One of my major teaching shifts this semester has been to shift my daily writing prompts to outside class. I tend to mix more personal prompts—ones that take a key formal or thematic element from the work we’re reading and ask students to apply that concept to their own lives—or more “get your hands dirty” analysis exercise. Here are the five different prompts I used for our five classes on King Lear. Continue reading “Daily Writing Prompts: King Lear”
Essay 1: Says who?
Choose a famous quotation (http://www.brainyquote.com/) and make an argument about whether the quotation is true or false. Should we believe the quotation’s author? Why?
Essay 2: Who will testify?
Send a letter to a friend asking them to stop/start a specific behavior. Cite at least three witnesses/representatives to support case. Answer the objections of at least one opposing witness.
Essay 3: What are the rules?
Choose one of the listed scenarios where students have been accused of violating the university’s honor code. Write a short brief that argues how the university code should best be applied to the accused’s case.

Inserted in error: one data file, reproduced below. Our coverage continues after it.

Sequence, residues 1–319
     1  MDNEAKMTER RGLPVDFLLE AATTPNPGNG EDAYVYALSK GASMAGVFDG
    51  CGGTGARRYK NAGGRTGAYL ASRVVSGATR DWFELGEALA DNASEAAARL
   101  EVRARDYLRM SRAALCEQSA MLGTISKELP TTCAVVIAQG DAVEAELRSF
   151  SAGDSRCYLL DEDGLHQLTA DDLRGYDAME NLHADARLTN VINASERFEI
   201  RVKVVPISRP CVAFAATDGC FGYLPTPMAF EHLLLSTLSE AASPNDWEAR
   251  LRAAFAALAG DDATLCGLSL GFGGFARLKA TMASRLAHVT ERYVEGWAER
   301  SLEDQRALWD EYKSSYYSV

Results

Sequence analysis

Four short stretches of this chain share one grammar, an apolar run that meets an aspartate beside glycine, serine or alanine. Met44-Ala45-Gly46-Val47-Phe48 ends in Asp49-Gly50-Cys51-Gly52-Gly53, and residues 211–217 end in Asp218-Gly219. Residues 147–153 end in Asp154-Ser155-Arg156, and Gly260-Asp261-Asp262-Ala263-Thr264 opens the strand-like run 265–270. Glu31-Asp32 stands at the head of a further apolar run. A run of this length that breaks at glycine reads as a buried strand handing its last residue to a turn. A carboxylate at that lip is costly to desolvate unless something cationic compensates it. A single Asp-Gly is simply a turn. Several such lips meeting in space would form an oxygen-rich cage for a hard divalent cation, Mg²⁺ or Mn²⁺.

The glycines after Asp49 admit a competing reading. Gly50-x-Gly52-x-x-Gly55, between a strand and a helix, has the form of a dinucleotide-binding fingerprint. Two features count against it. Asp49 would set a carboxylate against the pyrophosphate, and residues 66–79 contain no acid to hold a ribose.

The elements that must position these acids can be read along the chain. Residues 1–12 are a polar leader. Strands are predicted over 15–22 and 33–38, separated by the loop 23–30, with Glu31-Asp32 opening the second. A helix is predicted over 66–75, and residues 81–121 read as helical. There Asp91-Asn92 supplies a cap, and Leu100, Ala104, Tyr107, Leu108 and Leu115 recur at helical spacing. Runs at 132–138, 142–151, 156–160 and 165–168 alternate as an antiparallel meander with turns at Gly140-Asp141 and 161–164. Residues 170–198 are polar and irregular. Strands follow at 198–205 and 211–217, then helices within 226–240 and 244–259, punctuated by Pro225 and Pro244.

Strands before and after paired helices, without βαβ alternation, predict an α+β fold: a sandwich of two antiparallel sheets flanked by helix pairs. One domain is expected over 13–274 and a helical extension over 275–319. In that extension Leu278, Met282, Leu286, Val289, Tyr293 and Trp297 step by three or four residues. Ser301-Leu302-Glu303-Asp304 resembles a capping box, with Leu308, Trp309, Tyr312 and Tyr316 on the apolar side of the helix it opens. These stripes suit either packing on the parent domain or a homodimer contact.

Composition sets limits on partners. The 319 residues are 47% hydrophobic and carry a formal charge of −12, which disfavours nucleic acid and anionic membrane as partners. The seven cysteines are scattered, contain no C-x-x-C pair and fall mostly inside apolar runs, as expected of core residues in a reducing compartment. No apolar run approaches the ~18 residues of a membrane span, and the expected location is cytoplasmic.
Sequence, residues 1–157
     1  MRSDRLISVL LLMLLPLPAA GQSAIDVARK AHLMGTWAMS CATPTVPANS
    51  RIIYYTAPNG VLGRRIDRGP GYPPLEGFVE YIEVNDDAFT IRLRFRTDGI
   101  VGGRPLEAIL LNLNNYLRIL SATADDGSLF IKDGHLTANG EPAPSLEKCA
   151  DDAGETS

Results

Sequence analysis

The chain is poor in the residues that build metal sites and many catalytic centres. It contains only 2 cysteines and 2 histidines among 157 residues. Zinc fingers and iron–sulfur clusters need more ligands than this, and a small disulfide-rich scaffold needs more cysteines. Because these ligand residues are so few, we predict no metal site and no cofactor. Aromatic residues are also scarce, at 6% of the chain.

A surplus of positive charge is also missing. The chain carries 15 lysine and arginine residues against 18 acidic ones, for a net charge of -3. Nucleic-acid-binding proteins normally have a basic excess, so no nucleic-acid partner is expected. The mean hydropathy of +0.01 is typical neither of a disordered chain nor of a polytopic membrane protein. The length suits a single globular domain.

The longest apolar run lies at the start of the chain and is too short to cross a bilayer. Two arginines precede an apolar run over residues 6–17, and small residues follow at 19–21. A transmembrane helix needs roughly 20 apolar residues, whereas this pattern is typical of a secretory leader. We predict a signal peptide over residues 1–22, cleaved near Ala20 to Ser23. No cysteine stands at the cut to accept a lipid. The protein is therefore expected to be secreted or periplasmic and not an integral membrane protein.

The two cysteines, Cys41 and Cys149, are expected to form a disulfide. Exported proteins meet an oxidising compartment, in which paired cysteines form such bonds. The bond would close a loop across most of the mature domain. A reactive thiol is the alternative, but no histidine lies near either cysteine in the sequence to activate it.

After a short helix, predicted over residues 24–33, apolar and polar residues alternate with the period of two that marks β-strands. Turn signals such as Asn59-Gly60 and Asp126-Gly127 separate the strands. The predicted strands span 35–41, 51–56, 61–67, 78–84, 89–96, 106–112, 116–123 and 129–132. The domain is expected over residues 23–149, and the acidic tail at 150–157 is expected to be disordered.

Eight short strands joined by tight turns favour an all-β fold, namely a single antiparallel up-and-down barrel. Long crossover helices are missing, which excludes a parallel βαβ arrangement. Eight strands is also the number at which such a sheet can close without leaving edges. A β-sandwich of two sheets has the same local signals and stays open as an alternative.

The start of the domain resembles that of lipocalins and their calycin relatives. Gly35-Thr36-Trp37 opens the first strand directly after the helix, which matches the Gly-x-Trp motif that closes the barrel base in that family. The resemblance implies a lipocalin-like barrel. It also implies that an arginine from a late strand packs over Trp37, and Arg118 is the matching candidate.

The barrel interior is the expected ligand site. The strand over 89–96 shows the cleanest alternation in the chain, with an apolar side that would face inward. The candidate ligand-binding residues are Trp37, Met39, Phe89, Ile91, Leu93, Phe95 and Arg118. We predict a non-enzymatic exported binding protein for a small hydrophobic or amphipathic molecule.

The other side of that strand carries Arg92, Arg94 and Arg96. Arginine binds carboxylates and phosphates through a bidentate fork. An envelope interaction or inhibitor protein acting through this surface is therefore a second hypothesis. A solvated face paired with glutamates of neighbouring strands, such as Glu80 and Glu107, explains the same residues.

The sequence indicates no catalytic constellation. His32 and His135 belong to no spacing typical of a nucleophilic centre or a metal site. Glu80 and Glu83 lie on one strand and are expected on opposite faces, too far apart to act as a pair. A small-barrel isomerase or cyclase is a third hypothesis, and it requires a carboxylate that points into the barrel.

Essay 4: What effects do the rules have?
Choose an existing rule in the university student code. Make an argument for the rule’s positive or negative effects.
Essay 5: What will happen?
Make a prediction about something important that will happen at the university in the next six months. Support your argument by appealing to expert testimony, principles/laws, and cause/effect. The best essays will offer responses to major objections.
My Early English Lit course is starting off the semester by reading CS Lewis’s The Discarded Image. I’ve thought that my students would get the most out of the book if they could work through a parallel project for our contemporary world. One problem? The Medieval artist’s relationship to the world is very different from ours. It’s right there in the title! We DISCARDED the image the medieval writers used to help order the world.
But yesterday, I read Charles Taylor’s A Secular Age and James K. A. Smith’s wonderful book-length commentary on Taylor’s book How (Not) To Be Secular and finally figured out the coordinates I’m going to have students use to diagnose our contemporary world.
Let me explain…